(Photo credit: kier42)
From CNN, regarding the renewal of the U.S. defense contract with Blackwater:
Blackwater guards shot and killed 17 people, including women and children, last September, prompting an outcry and protest from Iraqi officials.
"This is bad news," al-Maliki adviser Sami al-Askari said. "I personally am not happy with this, especially because they have committed acts of aggression, killed Iraqis, and this has not been resolved yet positively for families of victims."
About 25,000 private contractors from three companies protect diplomats, reconstruction workers and government officials in Iraq. Under a provision put into place in the early days of the U.S.-led occupation of Iraq, security contractors have immunity from Iraqi prosecution.
Al-Askari said he would push for the Iraqi government to contest the contract renewal.
"The U.S. government has the right to choose what contractors it chooses, but Iraq should also have the right to allow or ban certain contractors from operating on its territory," he said.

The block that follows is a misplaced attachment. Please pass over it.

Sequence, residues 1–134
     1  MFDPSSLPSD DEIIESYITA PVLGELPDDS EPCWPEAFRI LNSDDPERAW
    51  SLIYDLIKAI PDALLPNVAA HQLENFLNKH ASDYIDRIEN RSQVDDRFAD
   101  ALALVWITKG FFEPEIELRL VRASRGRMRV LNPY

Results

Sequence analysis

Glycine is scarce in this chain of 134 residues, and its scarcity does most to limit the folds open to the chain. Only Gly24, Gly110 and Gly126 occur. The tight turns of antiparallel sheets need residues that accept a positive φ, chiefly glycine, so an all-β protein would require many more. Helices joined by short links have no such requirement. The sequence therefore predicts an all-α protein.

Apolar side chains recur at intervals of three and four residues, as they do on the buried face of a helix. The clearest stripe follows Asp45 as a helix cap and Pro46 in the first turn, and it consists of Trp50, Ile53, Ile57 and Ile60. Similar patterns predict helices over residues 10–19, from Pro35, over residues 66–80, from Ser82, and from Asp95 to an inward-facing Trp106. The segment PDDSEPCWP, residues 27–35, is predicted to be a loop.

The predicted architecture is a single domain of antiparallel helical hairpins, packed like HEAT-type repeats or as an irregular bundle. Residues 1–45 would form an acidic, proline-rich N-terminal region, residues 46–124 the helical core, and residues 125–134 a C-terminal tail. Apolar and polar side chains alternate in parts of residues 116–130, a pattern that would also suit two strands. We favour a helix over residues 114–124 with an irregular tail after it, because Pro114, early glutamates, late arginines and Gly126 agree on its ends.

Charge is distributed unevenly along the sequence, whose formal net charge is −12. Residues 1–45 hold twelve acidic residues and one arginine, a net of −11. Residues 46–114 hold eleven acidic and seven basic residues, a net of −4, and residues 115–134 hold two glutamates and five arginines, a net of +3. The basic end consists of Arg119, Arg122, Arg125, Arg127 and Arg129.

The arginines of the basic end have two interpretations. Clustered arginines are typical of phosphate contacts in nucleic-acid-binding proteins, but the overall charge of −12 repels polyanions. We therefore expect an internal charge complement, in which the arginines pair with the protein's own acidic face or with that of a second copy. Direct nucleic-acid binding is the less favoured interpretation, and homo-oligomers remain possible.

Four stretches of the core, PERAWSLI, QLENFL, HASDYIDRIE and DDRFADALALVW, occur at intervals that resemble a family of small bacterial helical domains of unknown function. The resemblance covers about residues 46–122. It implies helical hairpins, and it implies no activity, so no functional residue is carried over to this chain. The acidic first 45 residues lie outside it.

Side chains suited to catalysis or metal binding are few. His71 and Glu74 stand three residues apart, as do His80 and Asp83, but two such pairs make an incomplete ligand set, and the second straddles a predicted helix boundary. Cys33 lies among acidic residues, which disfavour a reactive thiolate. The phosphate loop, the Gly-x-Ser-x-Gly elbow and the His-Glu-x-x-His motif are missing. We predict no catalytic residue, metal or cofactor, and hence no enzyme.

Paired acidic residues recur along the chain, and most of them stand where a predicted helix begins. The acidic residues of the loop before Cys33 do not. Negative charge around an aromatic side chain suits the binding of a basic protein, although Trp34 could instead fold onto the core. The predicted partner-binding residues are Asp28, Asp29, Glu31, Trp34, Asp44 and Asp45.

Al-Askari said there is a general mood of displeasure within the Iraqi government because of the contract renewal.Oh, well, the oversight of a State Department security officer. Great. A camera and a command center. And what command center would that be exactly?
Iraqi government spokesman Ali al-Dabbagh said a joint Iraqi-U.S. commission was set up after the shootings, and Iraqis told U.S. officials that the rules of engagement and use of force must be changed.
As a result, a State Department security officer accompanies every convoy manned by contractors, Al-Dabbagh said, and every vehicle is outfitted with a security camera. Recordings from the camera are sent to a command center.
Just for the record, CNN's initial title for this story was "Blackwater renewal irks Iraqis." Somebody had the damn sense to change that title before I could even link to its ass. But at least MSM is covering the story now.
See below on KBR (a subsidiary of Halliburton), another group of contractors.